Here are some pics I took just this morning of the bodice, I really should have ironed it first...
This is the back, more chevrons! I also tried to match up the side back seams’ stripes as well as I could, but curved seams so what can you do. Which is why I love the piping in the seam, it breaks up the line juuuust enough.
This is the shoulders and back, I also piped the shoulder seams for much the same reason. Beyond just liking piping. That piping was actually a pain, I used a Joann fabric from the casa collection, the crepe I think? Anyway, the blue matched really well, I bought the rest of the bolt, which was something like a yard maybe a yard and half. For bias tape I thought that’d be plenty. Nope. I ended up having to go to another Joann for more, and the dye lots didn’t match, so I used one dye lot for the plain bias tape, and one dye lot for the piping. I think with the sheen it’s not so obvious…
I found some ribbon that matched really well, so was able to use that for small accents as well. This is the sleeve, with really light gathering. I ended up not doing the strip of striped bias with ribbon/solid bias like my inspiration picture because I realized I’d have to hand sew that and there was so not enough time 8D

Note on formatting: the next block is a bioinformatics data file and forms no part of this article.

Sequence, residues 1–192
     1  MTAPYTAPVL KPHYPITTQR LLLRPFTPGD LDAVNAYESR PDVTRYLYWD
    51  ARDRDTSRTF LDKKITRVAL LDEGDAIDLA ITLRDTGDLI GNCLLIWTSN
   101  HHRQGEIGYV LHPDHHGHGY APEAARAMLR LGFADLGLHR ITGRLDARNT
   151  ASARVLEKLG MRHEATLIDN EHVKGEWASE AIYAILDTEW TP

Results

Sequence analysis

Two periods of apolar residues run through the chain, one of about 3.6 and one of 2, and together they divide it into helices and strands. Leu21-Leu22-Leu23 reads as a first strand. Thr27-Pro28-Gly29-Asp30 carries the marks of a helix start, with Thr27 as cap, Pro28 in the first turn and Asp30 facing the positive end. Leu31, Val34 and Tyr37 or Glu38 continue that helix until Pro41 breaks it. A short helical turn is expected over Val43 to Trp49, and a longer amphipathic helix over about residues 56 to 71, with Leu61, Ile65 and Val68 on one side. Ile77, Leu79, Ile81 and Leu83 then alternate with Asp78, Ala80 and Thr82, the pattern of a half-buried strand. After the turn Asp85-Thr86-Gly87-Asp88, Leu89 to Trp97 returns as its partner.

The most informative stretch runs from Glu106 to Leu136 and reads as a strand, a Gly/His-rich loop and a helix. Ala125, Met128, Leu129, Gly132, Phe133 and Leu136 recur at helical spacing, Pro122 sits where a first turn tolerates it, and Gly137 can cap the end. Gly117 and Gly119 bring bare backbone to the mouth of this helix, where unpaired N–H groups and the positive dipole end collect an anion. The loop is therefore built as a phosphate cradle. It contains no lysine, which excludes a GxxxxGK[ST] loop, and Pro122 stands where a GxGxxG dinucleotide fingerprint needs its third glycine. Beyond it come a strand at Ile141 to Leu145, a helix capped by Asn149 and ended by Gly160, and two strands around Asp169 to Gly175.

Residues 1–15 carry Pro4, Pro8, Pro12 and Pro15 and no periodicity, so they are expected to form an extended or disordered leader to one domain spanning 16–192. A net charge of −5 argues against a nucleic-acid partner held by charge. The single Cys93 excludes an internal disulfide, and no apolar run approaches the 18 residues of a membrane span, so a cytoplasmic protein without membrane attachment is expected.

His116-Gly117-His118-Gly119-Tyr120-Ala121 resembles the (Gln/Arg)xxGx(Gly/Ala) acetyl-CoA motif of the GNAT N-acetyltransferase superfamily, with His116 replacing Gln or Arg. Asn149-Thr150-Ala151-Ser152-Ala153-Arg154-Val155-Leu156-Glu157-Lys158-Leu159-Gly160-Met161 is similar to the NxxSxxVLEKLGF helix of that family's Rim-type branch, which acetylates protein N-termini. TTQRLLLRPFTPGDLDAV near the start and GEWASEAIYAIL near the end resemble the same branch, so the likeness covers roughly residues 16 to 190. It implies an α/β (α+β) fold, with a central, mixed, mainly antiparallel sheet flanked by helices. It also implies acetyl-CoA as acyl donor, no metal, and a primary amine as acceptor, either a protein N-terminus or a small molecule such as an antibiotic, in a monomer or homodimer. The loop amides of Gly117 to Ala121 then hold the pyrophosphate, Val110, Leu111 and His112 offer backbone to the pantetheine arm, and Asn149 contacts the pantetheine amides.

For the front I ended up using the ribbon and buttons to try and make it seem less… wide. Then I used some scrap of bias tape and gathered it into that flower. I don’t know if that’s historically accurate? But I liked it.
For the skirt I combined the Janet Arnold pattern with Truly Victorian 201, which is what I used for the brown underskirt of my other Victorian. I cropped the train from the JA pattern a bit, and lengthened the TV skirt. There’s a plain white cotton broadcloth underskirt, because my fashion fabric is a bit see through, then the main skirt is basically the same thing, with a bias border and piping in the seam. I looooove piping! And bias cut stripes :D
For the 2nd/over skirt, I went back to the JA pattern but lengthened the pattern in the back.
I really like the back of this dress, so I wanted to do something similar. Once the piping and trim was on, I pinned it to my dressform and draped the side ruching. Which reminds me I reeeeeally need to reform my dressform, it’s a nice hanger but I can’t drape anything truly fitted on it :/
What else…. I ran out of time to do as much trimmings as I wanted, but then I also really like the simplicity of it, so I’m not sure I will add to it… Oh hat~!
I took a straw hat I had on hand for something else and tore it apart, then zigzaged it back together in a circle.
Then I took leftover crepe in a rectangle and free hand pleated it to the edge.
I did a running stitch along the free end and just gathered the whole thing into the center and tacked it in. Then covered the edge with bias tape.
(Sorry my hat is really smushed right now D:)
My mum is really good at make ribbon rosettes so I asked her to make a bunch of varying sizes and tacked and glued them on “artfully.” And I think that’s it!